Feature-Hungry Netflix Courts Weinstein Marketing Head Stephen Bruno

EXCLUSIVE: Stephen Bruno, the well-regarded head of marketing for The Weinstein Company, has been offered a lucrative position to take a leadership post in marketing at Netflix. It comes at a time when the subscription service’s commitment to original programming is growing to the point where it is determined to build a program to generate 10-12 feature-caliber films per year. I’m told Bruno is likely to take the job after serving a total of seven years at TWC, with a stop at HBO in between two TWC stints. He has been head of marketing for the past three years, and his contract is up at year’s end.

Netflix LogoThe discussions going on this moment between Bruno, Harvey Weinstein, David Glasser and Netflix’s Ted Sarandos are amicable, in no small part because the two companies have so much business together. Beyond its library titles like the Quentin Tarantino catalog being available on Netflix, TWC is in production on Netflix’s first feature film release, Crouching Tiger Hidden Dragon: The Green Legend for September release. TWC is also partnered with Netflix on what the pay service hopes will be a signature event-sized series, Marco Polo.

Related: Netflix Sets ‘Crouching Tiger 2′ As 1st Feature; Hollywood’s Nightmare?

If Bruno decides to take the new job and move to LA, he will stay on to guide the campaigns of the TWC films that are in the Oscar mix, a list that includes the Benedict Cumberbatch starrer The Imitation Game, the Bill Murray-topped St. Vincent and the upcoming Tim Burton-directed Big Eyes. Bruno will orchestrate those campaigns, and there doesn’t seem to be a rush because Netflix really won’t start its feature push until next fall with Crouching Tiger. The first feature with Adam Sandler isn’t expected until the following year.

Related: Adam Sandler To Star In Film Quartet For Netflix, Which Continues To Thumb Nose At Theaters

Netflix is the talk of town lately. At a time when many picture makers are pulling back, the subscription service is aggressively making inroads with producers and agents and has signaled that it is serious about mounting a full feature assault. Right now, there are a couple of feature execs, Sarah Bowen and Pauline Fischer, but further staffing is expected. The company’s biggest move so far was to agree with Sandler to make four movies he’ll star in and produce, a move that was made because his films perform so well on Netflix. There will be more splashy stuff coming because Netflix is asking the community that it be looked at as another studio that will include first-look deals with producers and other creative forces.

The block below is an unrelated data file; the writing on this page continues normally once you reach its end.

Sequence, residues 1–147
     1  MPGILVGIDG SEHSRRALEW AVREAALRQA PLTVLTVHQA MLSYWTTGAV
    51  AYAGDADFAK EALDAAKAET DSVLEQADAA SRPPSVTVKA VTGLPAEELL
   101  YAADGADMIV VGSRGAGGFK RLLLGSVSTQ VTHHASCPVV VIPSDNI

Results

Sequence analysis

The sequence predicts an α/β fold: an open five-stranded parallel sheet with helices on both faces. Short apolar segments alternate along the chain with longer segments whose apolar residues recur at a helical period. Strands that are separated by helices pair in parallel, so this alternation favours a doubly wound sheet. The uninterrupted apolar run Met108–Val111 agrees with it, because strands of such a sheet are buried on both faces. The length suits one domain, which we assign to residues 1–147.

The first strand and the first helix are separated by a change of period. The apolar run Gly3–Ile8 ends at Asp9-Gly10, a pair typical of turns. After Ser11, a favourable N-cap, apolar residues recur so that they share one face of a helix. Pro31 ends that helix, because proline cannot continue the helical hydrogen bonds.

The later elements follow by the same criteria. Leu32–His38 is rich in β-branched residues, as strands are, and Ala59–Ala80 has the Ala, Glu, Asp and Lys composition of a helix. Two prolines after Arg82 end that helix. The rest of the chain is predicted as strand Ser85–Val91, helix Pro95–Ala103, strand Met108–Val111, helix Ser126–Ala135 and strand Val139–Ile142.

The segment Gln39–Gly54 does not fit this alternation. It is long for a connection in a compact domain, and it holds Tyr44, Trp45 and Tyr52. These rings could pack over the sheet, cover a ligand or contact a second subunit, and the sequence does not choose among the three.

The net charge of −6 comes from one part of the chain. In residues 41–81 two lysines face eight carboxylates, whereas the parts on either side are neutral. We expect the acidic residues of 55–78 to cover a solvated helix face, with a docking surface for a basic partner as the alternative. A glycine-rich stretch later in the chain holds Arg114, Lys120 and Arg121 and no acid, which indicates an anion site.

Related: When Will Big Hollywood Studios Aggressively Produce Original Shows For Digital TV?

Image (5) house-of-cards__140605045412.jpg for post 740360The 10-12 theatrical-quality films per year will focus on the science fiction, romantic comedy and Western genres, while avoiding horror. The budgets will fall between $20 million and $50 million, the latter number reserved for star-driven films. Netflix isn’t looking to make four-quadrant films, because internal metrics indicate that its audience prefers niche-appeal content. It looks like the company is targeting that tweener niche that the studios have abdicated in favor of microbudget or tentpole fare. That abandonment is what sent creative talent to TV and has resulted in this basic and pay cable TV renaissance — and has helped Netflix take an important step with series the Kevin Spacey-Robin Wright starrer House Of Cards.

Related: Netflix Shares Tumble On Disappointing Q3 Subscriber Numbers

The Netflix strategy won’t be easy; the major theater chains already have turned up their noses on the Crouching Tiger sequel — except IMAX, which Image (1) Adam-Sandler_20110705202139.png for post 709730was part of the deal — and the Sandler film quartet. But Netflix’s justification is an easy one to make: Why spent another $250 million on an output deal with a studio for films that have played theatrically when it can invest similar amounts in original movies it will own and that will give its service singular product to keep subscribers paying that $8 per month. In 50 countries, those fees add up, and Netflix is planning its next expansion focus to be Japan, New Zealand and Australia, I’m told. Recognizing this, the feature films will incorporate global appeal.

I’m not sure how the Netflix feature foray will fare in programming that audiences are accustomed to watching on giant movie screens. But give Sarandos credit for continuing to be disruptive. It sounds like Bruno will be a big part of that. No comment from any of the principals.


This article was printed from https://deadline.com/2014/10/netflix-weinstein-company-stephen-bruno-1201268792/